Investigating the environmental dimensions of AMR

MEP Interest Group on AMR Annual Meeting
WATCH THE DISCUSSION

17 May 2022

15:00-17:30 CEST

Online

The environment is an important factor in the development, transmission, and spread of antimicrobial resistance (AMR) to humans, animals, and plants. In 2017, the UN Environment Programme recognised increasing AMR linked to the discharge of drugs and particular chemicals into the environment as a significant worrying health threat.

 

Households, hospitals, pharmaceutical plants, and farms are known hotspots for the discharge of antimicrobial compounds into water and soil. The EU has an important role to play in regulating these pollutants and their sources by implementing effective policies and actions within a ‘One Health’ approach.

 

A leading network of 18 MEPs committed to boosting actions to tackle AMR at EU level, the MEP Interest Group on AMR will convene virtually on 17 May to discuss how to curb antimicrobial pollution that is driving the development and spread of AMR, in particular in the context of the Pharmaceutical Strategy and the Zero-Pollution Action Plan.

Welcome Remarks

nicolae Ștefănuță

Nicolae Ștefănuță

Vice-Chair – MEP Interest Group on AMR

david graham

David Graham

Professor of Ecosystems Engineering – Newcastle University

Session 1 – A life-cycle approach to antimicrobial pollution

Antimicrobials can enter the environment throughout their life cycle. Whilst issues regarding inappropriate use and post-consumption waste from patients are well established, manufacturing pollution has also been identified as a growing concern, particularly in third countries exporting to Europe.

In the context of revising the EU general legislation on human medicines, this session aims to discuss solutions to enhance the environmental sustainability of the production, use, and disposal of antimicrobials, and strengthen their environmental risk assessment requirements to better mitigate AMR risks.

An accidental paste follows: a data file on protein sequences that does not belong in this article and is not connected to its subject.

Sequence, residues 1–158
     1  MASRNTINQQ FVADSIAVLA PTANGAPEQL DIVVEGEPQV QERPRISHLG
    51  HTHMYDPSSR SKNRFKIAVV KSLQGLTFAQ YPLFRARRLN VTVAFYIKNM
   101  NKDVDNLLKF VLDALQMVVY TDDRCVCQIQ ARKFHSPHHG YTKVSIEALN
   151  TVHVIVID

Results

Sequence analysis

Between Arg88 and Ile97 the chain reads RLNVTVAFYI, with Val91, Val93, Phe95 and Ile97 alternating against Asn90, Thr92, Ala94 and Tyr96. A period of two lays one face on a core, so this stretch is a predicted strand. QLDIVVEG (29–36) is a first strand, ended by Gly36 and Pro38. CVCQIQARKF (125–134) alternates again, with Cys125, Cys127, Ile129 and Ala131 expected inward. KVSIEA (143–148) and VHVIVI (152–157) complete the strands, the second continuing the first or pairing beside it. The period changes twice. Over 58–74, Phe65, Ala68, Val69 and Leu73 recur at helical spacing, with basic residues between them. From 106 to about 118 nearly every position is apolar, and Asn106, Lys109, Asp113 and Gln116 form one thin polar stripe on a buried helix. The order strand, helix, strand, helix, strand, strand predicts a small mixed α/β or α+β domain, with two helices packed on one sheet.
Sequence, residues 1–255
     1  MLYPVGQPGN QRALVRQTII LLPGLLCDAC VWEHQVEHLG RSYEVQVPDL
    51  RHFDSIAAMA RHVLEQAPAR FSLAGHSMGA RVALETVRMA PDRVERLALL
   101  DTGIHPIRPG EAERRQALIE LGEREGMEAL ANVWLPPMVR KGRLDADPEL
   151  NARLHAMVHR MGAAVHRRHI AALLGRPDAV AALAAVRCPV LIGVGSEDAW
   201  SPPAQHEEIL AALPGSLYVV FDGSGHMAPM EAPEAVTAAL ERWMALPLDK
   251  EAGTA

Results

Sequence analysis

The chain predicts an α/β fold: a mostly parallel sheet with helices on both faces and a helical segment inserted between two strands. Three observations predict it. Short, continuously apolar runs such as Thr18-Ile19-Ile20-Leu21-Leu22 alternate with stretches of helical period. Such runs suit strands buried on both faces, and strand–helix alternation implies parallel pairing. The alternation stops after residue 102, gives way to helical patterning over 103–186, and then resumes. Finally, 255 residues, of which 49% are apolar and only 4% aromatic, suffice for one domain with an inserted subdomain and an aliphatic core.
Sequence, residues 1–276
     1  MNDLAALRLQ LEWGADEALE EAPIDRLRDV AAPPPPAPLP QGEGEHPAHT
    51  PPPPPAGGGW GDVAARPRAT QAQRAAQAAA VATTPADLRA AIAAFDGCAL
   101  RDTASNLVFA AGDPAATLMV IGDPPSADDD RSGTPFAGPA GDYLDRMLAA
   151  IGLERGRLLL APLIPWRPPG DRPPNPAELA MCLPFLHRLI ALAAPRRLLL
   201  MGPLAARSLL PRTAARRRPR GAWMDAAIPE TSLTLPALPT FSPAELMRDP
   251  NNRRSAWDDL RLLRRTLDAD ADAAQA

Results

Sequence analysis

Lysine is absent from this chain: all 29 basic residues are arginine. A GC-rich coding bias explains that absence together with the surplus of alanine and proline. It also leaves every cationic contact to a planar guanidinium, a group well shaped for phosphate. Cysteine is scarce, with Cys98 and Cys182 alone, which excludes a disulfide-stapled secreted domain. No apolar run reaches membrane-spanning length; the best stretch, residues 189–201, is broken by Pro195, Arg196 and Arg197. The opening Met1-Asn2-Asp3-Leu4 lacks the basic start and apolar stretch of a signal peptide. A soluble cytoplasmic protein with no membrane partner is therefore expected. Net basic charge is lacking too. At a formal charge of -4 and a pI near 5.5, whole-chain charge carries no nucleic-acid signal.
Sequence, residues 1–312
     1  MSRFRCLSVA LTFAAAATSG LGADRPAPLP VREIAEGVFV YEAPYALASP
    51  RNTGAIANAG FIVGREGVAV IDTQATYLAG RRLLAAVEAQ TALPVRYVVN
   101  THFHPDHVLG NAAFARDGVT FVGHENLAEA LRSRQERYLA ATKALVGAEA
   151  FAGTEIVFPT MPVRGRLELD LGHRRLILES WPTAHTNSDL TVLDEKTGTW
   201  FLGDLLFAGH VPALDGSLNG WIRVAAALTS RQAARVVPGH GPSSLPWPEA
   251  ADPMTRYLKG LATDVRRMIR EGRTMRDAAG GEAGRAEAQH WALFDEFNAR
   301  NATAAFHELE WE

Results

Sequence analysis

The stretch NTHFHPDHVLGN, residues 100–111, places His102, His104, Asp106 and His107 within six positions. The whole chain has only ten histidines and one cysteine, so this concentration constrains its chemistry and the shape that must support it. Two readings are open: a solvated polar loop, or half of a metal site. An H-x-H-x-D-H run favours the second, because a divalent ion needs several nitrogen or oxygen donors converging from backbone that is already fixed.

• What environmental regulatory options can be taken to limit antimicrobial discharge from manufacturing plants? 
  • How can oversight and responsibility be improved to increase transparency in manufacturing supply chains? 
  • What can the EU do to reinforce the ‘One Health’ approach to AMR and effectively address its environmental dimensions?
  • How can environmental risk assessment requirements be strengthened to better tackle AMR? 
  • How can antimicrobial stewardship be promoted to reduce inappropriate antimicrobial use in the healthcare sector?

Confirmed speakers:

ep 091992a cerdas portrait

Sara Cerdas

Member – MEP Interest Group on AMR

paschalia koufokotsiou

Paschalia Koufokotsiou

Pharmaceutical and Health Policy Expert – European Commission

darija kuruc poje

Darija Kuruc Poje

Director of Professional Development – EAHP & Head of Hospital Pharmacy – General Hospital ‘Dr. Tomislav Bardek’ in Croatia

rhys whomsley

Rhys Whomsley

 Non Clinical and ERA Expert – European Medicines Agency (EMA)

ep 000790 trustnet photoshoot april 2019

Sian Williams

Senior Policy Adviser – Wellcome Trust

Moderated by Cristina Pricop – European Public Health Alliance (EPHA)